DOT Hours of Service

Discussion in 'UPS Discussions' started by nflups61, Mar 6, 2011.

  1. nflups61

    nflups61 nflups63

    Does your commute from home to a satellite route's start point count towards your total DOT hours of service?
  2. Anonymous 10

    Anonymous 10 Guest

  3. FracusBrown

    FracusBrown Ponies and Planes

    unless you drive a shuttle bus or an ice cream wagon to and from the satellite center...
  4. Old International

    Old International Now driving a Sterling

  5. satellitedriver

    satellitedriver Moderator Staff Member

    Interesting question.
    The answer is no, but it raises another point.
    I might retire next year, as a satellite driver.
    The center manager said that if no one bids on my route, the lowest seniority driver will be forced to drive down in his personal vehicle and run the satellite route.
    This person will have the right to deduct their personal mileage on their taxes, per IRS rulings,, or force UPS to pay mileage.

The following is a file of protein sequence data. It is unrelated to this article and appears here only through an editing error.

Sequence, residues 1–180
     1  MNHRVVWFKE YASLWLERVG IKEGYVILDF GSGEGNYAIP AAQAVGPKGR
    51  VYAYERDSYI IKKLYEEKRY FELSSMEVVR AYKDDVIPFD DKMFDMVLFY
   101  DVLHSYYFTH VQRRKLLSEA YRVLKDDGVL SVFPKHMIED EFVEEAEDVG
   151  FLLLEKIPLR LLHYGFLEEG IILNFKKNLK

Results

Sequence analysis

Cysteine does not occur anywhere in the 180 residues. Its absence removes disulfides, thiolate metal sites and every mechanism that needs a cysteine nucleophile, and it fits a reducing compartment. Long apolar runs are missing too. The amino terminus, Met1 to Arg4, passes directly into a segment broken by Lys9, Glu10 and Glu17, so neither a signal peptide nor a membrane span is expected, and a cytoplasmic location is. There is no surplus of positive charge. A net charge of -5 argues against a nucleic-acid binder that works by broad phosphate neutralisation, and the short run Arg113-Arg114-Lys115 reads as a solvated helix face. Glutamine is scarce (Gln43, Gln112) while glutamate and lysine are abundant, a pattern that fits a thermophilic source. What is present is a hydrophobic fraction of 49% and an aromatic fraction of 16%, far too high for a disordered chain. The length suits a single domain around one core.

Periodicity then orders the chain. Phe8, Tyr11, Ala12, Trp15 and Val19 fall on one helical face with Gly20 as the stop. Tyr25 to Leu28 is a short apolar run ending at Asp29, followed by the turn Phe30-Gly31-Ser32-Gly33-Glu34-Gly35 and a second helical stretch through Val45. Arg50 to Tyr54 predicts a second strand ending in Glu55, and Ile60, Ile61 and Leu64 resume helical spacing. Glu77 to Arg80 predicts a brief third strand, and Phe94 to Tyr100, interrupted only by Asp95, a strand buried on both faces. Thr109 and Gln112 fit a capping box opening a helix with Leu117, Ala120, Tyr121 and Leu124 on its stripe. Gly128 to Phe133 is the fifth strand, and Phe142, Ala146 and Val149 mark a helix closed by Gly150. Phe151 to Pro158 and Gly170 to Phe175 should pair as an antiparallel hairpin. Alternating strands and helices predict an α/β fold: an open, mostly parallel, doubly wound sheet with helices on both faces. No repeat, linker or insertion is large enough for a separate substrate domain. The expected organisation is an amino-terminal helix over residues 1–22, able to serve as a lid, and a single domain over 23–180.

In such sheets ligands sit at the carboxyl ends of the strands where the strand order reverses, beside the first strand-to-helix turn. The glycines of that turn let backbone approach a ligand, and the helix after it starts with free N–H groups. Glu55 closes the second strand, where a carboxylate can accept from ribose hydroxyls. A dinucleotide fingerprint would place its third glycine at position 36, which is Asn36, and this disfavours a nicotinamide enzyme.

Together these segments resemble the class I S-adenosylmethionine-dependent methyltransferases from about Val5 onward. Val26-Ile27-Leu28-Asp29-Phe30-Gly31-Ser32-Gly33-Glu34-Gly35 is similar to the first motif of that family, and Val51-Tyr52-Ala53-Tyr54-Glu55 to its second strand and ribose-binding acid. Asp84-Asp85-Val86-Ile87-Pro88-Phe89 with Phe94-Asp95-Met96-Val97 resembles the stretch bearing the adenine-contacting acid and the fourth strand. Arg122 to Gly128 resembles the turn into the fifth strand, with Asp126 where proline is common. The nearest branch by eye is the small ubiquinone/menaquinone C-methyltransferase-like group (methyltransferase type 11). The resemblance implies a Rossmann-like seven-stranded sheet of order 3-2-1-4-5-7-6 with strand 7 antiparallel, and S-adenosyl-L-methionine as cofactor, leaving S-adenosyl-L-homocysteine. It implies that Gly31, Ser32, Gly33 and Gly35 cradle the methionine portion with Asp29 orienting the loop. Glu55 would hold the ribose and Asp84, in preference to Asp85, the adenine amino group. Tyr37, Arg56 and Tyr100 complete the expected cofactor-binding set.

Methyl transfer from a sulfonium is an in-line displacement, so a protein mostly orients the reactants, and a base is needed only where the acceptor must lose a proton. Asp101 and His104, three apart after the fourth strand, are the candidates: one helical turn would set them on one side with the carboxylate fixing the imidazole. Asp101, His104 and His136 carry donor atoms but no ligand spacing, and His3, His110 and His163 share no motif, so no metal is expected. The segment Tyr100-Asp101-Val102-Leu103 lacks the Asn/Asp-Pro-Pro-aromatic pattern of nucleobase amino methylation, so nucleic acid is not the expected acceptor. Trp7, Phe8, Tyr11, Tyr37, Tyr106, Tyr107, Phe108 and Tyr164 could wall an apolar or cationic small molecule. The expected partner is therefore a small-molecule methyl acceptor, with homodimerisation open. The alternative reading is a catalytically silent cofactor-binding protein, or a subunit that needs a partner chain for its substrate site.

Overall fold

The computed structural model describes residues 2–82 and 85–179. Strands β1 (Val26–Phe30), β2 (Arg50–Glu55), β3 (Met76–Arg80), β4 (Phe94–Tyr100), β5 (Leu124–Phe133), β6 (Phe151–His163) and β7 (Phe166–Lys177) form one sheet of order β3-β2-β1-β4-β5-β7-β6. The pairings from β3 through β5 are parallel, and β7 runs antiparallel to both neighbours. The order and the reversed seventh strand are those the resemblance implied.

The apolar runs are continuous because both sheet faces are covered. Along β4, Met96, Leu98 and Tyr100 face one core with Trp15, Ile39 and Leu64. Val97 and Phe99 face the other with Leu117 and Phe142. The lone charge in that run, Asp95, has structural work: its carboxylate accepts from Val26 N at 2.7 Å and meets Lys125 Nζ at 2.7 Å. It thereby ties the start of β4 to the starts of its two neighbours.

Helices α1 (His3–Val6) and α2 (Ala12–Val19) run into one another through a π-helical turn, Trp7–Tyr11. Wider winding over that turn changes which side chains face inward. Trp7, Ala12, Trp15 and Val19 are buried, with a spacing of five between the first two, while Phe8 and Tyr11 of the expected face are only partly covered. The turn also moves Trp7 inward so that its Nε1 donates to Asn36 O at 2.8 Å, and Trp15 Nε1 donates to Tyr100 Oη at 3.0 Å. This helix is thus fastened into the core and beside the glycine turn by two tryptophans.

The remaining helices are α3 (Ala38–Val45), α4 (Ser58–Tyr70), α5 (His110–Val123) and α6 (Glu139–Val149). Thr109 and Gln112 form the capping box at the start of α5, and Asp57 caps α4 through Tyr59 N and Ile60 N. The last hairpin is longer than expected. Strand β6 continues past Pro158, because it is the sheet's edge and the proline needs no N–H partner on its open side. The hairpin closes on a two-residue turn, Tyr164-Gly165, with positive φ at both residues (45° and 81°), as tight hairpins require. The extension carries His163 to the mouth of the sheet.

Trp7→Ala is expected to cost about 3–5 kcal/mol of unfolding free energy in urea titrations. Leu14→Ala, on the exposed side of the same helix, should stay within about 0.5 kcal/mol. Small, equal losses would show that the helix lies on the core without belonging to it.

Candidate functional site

6. bluehdmc

    bluehdmc Well-Known Member

    I think that only would apply (the tax deduction) if the driver reported to one location then drove to the second.
  7. satellitedriver

    satellitedriver Moderator Staff Member

    Since the driver did not bid on the route,
    their home base/location is the center.
    The company demands that the employee drive their personal vehicle, to an off site location.
    Per IRS rulings, if one has to use his personal vehicle to travel from his work location to preform his job duties, then the employee can deduct the mileage or actual cost.
    Only the mileage from point A-(the center)
    to point B-(the satellite center)-
    would be deductible.
    As I said, a very interesting question.
  8. Anonymous 10

    Anonymous 10 Guest

    I would hate to derail this interesting thread but why wouldn't someone bid on your route? All satellite routes by me are sweet. How many stops & miles if you don't mind me asking.
  9. Bubblehead

    Bubblehead My Senior Picture

    Here, if the driver of a satellite route doesn't hold a bid on it, they have the option to drive to the route in their personal vehicle or report to the building in which they are domiciled and shuttle out and back with the driver who pulls the TP60 trailer. This more than likely varies per local agreement.
  10. bottomups

    bottomups Bad Moon Risen'

    My satellite route averages around 80 delivery stops with 140 packages & 6 pick up stops. Put on around 185 miles per day. It is SWEET!
  11. bluehdmc

    bluehdmc Well-Known Member